Sunday School: The Revolution… in October

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On my first day at GBSS I saw guys with beards in school uniform… I couldn’t recall seeing any boy with a beard in my UK secondary school…

The month before, in London, I was preoccupied with Rugby, fashion – Dr Martin boots, polyester “don’t jester” school jacket and the idea of girls.

In my new school, students were focused on social and political issues I’d never even heard about. They were talking in detail about issues facing students and young people around the world. But what struck me was how the students organised themselves – that blew my mind. They demonstrated at school about the headteacher… I remember my intrigue like it was yesterday!!!

I became a politically aware student. Loved debating. Loved the tuck shop. Loved giving my house “Hughes” (green) 1 point running the cross country. Loved supporting tiny-mites football. Loved InterCol. Loved the “tambrand” track (if you went to GBSS you know why). Loved our WW2 barracks converted into halls of learning. And many times with Thompson, Val, Joey, Dean and other St John’s boys, we would walk home, man that was fun…!!

Now a senior in school; the tension on island was so thick it could be cut with a knife. Then the news many of us heard on the rumour mill actually happened – Maurice Bishop the Prime Minister of Grenada was under house arrest.

This was bad. My father gave me strict instructions – from school, straight home. I had other thoughts on my mind…

The night before Maurice was freed, “Zaire” – I can’t remember his real name. Told me, someone will come into your class tomorrow and give you the signal to bring the school out into the streets.

It’s morning, my mum told me “Roy you’re not going to school today”. I gave her the sweetest talk and reassurance if anything happened I’d leave immediately.

Lessons are in full swing, I couldn’t hear anything; then it happened. Ian entered my class and shouted “it’s time”. I got up and shouted to the class everybody OUT.

We lined the students who wanted to demonstrate (many didn’t) in front of the headmasters office – defiant or what. Then led them out of the school to join High School girls in the demonstration chanting “who is the leader leader leader, who is the leader – BISHOP”.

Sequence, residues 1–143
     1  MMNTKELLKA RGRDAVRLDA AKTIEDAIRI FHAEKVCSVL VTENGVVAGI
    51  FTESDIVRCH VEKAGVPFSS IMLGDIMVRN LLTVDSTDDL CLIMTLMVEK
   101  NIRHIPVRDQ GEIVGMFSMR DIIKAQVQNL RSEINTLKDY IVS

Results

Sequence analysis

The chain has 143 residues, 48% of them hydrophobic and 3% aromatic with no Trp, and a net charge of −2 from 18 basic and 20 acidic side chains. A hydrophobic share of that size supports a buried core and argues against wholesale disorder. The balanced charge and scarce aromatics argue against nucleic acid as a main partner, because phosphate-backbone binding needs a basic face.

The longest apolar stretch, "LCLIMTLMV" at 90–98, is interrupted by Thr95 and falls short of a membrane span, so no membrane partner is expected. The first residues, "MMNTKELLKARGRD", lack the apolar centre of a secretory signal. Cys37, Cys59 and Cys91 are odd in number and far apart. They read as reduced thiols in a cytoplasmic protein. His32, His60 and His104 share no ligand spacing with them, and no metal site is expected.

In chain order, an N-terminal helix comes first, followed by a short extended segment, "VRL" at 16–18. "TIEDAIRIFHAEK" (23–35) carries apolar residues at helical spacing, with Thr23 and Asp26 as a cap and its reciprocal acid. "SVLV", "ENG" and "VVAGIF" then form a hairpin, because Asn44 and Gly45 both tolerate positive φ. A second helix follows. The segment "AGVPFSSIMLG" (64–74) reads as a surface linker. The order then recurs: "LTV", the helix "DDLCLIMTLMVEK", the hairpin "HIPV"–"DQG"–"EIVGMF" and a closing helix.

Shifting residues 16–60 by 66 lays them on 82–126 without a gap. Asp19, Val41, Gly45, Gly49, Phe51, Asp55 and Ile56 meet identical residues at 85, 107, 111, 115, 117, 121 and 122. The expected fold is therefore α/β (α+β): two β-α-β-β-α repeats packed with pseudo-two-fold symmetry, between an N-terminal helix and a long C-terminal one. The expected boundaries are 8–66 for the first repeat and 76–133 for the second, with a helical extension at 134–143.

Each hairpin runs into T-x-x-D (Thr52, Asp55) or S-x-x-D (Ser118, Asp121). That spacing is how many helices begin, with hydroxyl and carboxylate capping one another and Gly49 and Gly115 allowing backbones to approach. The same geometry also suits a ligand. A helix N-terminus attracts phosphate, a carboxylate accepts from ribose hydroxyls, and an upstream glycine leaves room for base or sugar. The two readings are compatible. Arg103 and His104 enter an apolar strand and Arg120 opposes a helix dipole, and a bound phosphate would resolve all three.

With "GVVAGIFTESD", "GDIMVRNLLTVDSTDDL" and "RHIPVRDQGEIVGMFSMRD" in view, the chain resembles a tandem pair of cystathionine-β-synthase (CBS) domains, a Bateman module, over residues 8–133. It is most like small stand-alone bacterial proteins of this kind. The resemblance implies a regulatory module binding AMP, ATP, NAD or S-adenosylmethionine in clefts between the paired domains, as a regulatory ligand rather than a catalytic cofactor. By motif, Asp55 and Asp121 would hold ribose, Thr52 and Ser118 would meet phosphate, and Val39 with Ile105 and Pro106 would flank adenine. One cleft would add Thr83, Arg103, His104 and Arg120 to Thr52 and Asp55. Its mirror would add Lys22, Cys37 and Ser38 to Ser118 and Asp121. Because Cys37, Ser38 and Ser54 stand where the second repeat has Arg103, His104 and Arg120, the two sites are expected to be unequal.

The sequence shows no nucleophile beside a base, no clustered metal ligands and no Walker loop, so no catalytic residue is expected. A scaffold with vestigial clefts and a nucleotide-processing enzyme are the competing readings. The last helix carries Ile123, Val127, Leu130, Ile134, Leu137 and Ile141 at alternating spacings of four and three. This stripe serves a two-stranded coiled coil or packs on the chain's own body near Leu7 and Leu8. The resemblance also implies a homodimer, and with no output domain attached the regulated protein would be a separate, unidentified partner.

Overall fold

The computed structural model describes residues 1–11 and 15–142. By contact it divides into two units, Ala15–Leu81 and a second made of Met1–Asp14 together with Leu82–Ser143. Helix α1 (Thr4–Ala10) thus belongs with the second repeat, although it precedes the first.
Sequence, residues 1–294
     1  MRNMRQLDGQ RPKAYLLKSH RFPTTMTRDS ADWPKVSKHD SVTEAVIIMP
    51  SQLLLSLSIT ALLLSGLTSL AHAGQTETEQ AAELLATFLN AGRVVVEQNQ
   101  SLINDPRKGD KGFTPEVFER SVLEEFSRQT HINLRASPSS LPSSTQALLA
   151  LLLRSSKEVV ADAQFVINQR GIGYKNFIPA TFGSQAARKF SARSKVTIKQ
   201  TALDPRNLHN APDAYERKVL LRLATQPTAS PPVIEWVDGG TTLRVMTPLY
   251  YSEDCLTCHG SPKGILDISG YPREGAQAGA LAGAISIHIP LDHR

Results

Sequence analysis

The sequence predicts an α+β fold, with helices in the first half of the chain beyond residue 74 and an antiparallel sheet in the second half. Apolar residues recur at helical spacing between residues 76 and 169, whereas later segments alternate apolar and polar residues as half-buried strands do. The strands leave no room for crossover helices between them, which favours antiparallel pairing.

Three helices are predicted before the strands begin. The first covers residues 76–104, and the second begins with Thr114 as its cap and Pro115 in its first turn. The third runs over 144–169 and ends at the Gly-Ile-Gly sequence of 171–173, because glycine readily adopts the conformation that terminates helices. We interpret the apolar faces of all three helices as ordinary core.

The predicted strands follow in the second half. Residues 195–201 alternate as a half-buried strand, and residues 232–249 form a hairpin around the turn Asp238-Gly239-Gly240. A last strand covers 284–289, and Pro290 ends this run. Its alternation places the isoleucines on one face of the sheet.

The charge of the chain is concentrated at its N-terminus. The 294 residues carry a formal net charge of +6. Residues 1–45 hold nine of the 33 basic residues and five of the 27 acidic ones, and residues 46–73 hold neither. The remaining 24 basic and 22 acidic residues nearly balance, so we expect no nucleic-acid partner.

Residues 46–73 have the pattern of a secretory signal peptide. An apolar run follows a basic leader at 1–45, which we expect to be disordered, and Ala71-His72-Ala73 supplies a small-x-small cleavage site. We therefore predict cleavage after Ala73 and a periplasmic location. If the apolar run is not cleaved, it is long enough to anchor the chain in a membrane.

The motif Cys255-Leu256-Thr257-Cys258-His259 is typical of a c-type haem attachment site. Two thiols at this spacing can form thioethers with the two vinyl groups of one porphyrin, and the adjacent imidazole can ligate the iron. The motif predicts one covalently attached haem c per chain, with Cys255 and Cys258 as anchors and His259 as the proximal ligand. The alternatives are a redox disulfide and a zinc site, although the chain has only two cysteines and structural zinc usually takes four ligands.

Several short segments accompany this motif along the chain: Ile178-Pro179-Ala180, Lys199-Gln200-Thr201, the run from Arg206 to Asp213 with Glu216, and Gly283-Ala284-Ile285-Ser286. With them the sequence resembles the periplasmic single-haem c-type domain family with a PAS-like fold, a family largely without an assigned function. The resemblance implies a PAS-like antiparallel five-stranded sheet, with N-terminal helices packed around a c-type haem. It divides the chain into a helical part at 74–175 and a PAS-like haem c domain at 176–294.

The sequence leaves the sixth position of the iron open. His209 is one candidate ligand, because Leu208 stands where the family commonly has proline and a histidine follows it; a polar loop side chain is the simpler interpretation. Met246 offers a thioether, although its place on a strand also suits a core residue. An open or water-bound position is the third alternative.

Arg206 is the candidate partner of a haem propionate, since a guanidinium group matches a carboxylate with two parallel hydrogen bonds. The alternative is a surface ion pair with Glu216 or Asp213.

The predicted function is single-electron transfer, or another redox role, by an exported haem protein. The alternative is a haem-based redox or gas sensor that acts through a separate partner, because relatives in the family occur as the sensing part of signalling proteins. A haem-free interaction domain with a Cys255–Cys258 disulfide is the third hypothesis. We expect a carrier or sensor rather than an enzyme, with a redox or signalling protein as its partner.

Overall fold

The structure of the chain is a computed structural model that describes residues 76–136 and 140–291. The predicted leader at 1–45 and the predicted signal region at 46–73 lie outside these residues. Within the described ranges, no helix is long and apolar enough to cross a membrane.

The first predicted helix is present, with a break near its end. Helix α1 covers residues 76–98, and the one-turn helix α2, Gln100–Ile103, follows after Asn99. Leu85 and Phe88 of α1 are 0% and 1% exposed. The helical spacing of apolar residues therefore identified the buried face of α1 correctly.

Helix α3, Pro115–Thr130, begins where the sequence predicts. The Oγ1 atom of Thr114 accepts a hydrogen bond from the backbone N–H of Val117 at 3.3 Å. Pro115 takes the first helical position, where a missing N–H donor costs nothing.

It felt like the whole country was out demonstrating, the market square was packed with people. Then… it started as a whisper that turned into a roar…”we are going to free the leader”.

Before I realised what was happening, we were heading up Market Hill. At the compound where Maurice Bishop was being held, “Bogo” Cornwall addressed us – go home. I can still see the look in his eyes, he looked straight at me. It sent chills through me.

I was a student volunteer at the ministry of education with Tally Francis and met Bogo. That look… told me this was bad, I just didn’t know how bad. One of the soldiers let off a volley of shots into the air. People ducked but no one moved.

We stormed in. I waited outside a window expecting gun fire. Nothing happened. Next thing a stretcher with a man on it appears… OMG that’s Maurice Bishop. I grabbed hold on the stretcher and continued moving.

At the main road, guys in a yellow public works truck showed up. An argument ensued. Half wanted Bish to be taken to the airport to be protected by the Cubans, half demanded Bish is the commander in chief and should be taken to the fort.

To the fort we went. I was positioned outside the door where Bish was getting medical attention (in that very picture). The steps to the main fort compound was protected by soldiers, in a zig zag formation, one on every other rung. I will stop here, please don’t be disappointed.

One Revolution and a lot of aspirations died that day. Many personal revolutions were birthed however. Among the countless dead, one GBSS student was killed when Coard’s cowards stormed the fort against unarmed students and civilians. The US invaded. The end. New beginnings.

A lot more happened on that day we freed Maurice Bishop. I’m hoping everyone can share their experiences. What a rich memorial that would make.

I survived those events – I believe my mother knew the danger I was in and prayed every minute I was out until I got back home.

In honour of all who died in October 1983. Never forgotten; I pray your families have peace.

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